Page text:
The short answer: it depends.
Employers may require employees physically entering the workplace to be vaccinated against COVID-19. However, employers are required to provide reasonable accommodations for employees who, because of a disability or a sincerely held religious belief do not get vaccinated for COVID-19, unless providing an accommodation would pose an undue hardship on the operation of the employer's business. The analysis for undue hardship depends on whether the accommodation is for a disability (including pregnancy-related conditions that constitute a disability) or for religion.
Although employers may require on-site employees to get the COVID-19 vaccine, many have opted for an incentive-based vaccination approach, giving employees the option to get vaccinated, and if they choose to they will receive a small bonus or even time off. These incentive-based strategies have been adopted by large organizations such as CVS, Kroker, and Target, and are entirely legal, as long as the incentives to get vaccinated are not so grandiose that they become “coercive.”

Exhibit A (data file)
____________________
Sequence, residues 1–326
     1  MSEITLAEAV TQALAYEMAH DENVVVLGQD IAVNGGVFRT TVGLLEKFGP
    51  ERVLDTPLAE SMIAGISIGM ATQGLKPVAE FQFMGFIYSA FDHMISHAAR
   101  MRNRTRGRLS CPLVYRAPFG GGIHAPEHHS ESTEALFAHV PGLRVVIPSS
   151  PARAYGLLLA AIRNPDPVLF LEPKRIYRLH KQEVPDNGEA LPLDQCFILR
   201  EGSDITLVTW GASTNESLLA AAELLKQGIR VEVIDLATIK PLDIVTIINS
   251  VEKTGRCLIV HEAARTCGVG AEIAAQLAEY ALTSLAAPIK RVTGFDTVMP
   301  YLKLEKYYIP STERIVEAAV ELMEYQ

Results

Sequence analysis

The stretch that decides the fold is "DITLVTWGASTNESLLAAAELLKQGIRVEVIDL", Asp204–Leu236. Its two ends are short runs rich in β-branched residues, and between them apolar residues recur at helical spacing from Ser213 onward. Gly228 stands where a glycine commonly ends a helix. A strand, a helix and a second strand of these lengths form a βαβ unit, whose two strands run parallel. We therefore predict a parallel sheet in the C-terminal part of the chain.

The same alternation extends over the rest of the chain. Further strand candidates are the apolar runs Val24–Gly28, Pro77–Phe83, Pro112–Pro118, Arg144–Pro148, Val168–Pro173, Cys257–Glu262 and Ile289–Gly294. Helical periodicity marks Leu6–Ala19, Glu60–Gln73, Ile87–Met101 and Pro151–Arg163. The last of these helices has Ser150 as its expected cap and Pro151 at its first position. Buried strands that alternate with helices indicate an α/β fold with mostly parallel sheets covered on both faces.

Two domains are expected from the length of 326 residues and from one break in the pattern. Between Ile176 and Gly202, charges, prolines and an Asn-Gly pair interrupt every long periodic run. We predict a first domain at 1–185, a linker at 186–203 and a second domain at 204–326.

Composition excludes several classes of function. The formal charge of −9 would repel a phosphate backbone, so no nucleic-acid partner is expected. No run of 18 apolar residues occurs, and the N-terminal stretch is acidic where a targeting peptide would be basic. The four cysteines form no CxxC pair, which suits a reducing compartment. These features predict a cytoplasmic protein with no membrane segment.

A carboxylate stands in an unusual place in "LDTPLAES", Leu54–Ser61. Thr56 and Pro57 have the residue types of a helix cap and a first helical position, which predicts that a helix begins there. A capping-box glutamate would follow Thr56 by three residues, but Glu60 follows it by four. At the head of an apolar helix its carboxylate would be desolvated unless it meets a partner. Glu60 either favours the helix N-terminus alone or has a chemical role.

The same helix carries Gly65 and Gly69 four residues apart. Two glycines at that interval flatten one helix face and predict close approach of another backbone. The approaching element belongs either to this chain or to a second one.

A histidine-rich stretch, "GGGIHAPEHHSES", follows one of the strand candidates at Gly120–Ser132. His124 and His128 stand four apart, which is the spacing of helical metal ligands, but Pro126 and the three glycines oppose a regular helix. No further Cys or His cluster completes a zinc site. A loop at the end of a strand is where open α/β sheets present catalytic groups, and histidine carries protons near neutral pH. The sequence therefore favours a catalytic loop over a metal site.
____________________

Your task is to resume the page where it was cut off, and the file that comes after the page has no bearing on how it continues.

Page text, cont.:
Employers should keep in mind that some individuals or demographic groups may face greater barriers to receiving a COVID-19 vaccination than others. Some employees may be more likely to be negatively impacted by a vaccination requirement, potentially exposing employers to disparate impact discrimination claims.
If you would like to discuss your business' COVID-19 vaccination policy or if you believe you should be exempt from your employer's COVID-19 vaccination requirements because of a disability or sincerely held religious belief, contact Moosbrugger Law to find out how we can help.